Posted in Benvenuto High School Poetry Competition

Benvenuto winners visit Center for Poetry

By Kelsey Block

From left to right: 1st place winner Jackson Graham, Honorable Mention winner Jack Evans, Honorable Mention winner Mitch VanAcker, 2nd place winner Nazifa Chowdhury, 3rd place winner Paulina Adams, and Center for Poetry Director Anita Skeen.
From left to right: 1st place winner Jackson Graham, Honorable Mention winner Jack Evans, Honorable Mention winner Mitch VanAcker, 2nd place winner Nazifa Chowdhury, 3rd place winner Paulina Adams, and Center for Poetry Director Anita Skeen.

On Wednesday, November 19, six Michigan high school students were recognized as winners of the Benvenuto High School Poetry Competition. The announcement was celebrated in conjunction with a reading by the last guest of the Fall 2014 Writing Series, Jim Minick.

The winners of the Benvenuto Competition are: Jackson Graham, first place, of Detroit Catholic Central; Nazifa Chowdhury, second place, of Detroit International Academy for Young Women; Paulina Adams, third place, of Harbor Springs High School; Jack Evans, honorable mention, of Detroit Catholic Central; Ellen Zhang, honorable mention, of Troy High School; and Mitch VanAcker, honorable mention, of Detroit Catholic Central.

The poetry prize was established in 2008 in honor of late MSU Professor Richard Benvenuto. His wife, Joyce Benvenuto, said students should be recognized for their art.

“I think the poetry has been really good. I’ve really been proud to hear (the students) read,” Joyce Benvenuto said.  “(The Center for Poetry) brings in a major author and he’s there sitting along with the kids and these kids are shining. They’re really showing that poetry is alive and well.”

The prize grew out of a collaboration between mid-Michigan writers and teachers Joyce Benvenuto and Linda Cheeseman. The pair originally established a spring poetry prize for Lansing area students. As the project grew, it attracted the attention of Barry Gross, a retired MSU English professor and former colleague of Richard Benvenuto. Gross offered up additional funding, and the pair decided to partner with the Center for Poetry to create another competition for students around the state.

Nazifa Chowdhury, 16, said she didn’t expect to win, let alone earn second place. Chowdhury has been writing poetry since she was in the sixth grade. Since then, she’s been in summer programs and performed her poetry around the state. Chowdhury’s poem, titled “Rivulets & Guilt” was about her grandfather.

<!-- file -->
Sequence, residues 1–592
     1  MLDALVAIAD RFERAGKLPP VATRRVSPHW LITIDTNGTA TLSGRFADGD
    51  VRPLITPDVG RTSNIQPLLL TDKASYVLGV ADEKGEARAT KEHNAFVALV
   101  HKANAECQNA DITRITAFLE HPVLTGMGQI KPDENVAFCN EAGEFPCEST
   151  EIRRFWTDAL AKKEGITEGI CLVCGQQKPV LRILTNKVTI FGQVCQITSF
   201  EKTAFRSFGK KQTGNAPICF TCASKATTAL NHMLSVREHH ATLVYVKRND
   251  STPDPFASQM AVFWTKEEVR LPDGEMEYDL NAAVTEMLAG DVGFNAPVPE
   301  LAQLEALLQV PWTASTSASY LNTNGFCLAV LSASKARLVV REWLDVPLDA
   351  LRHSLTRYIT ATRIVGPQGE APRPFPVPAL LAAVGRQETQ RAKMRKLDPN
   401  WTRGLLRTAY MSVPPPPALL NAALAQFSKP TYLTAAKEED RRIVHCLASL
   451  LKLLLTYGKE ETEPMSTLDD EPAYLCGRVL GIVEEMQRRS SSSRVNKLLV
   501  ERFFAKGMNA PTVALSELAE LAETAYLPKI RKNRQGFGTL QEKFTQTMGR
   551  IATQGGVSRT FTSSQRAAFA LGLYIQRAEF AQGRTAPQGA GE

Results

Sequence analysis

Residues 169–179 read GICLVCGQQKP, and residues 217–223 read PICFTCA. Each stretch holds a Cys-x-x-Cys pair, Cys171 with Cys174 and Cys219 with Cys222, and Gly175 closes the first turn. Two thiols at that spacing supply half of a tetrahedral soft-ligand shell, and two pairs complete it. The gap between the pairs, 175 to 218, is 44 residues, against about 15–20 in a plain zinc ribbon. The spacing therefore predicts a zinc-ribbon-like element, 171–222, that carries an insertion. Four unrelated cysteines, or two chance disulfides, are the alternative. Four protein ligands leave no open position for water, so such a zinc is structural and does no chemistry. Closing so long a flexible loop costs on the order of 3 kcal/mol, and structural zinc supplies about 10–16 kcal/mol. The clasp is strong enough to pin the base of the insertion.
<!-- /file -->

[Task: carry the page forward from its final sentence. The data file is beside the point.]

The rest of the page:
Chowdhury said the hardest part about writing her poem was admitting that she was one of the people who had overlooked her grandfather’s wisdom.

“It was admitting to what I feel like I did wrong,” she said.

Mitch VanAcker said he first heard the news from classmates.

“Everybody started coming up to me saying my poem was good,” VanAcker said. Later, he found out his teacher had announced it in class. “It feels good to be recognized and it makes me want to continue,” he said.

Jack Evans said the competition gave him a sense of validation and inspired him to work harder.

“I was really excited,” he said, adding that he’s been involved in poetry at school and through Poetry Out Loud. “As soon as I got the email, I forwarded it to my teacher with ‘HELL YEAH’ in the subject line in all caps.”

Posted in poem of the week

Poem of the Week: “The Students” by Mark Halliday

The students eat something and then watch the news,
a little, then go to sleep. When morning breaks in
they find they have not forgotten all: they recall
the speckle of words on certain pages of
the chapter assigned, a phrase of strange weight
from a chapter that was not assigned, and something
said almost flippantly by a classmate on the Green
which put much of the 18th century into perspective.
Noticing themselves at the sink they are aware
the hands they wash are the “same” hands
as in high school—though the face is different.
Arriving in the breakfast hall having hardly felt
the transit, they set down their trays on one table;
presently, glance at another corner of the space:
that was where we mostly sat two years ago,
that was where Gerry said what he said
about circles, the concept of, and Leonardo da Vinci.

Courtesy of The Poetry Foundation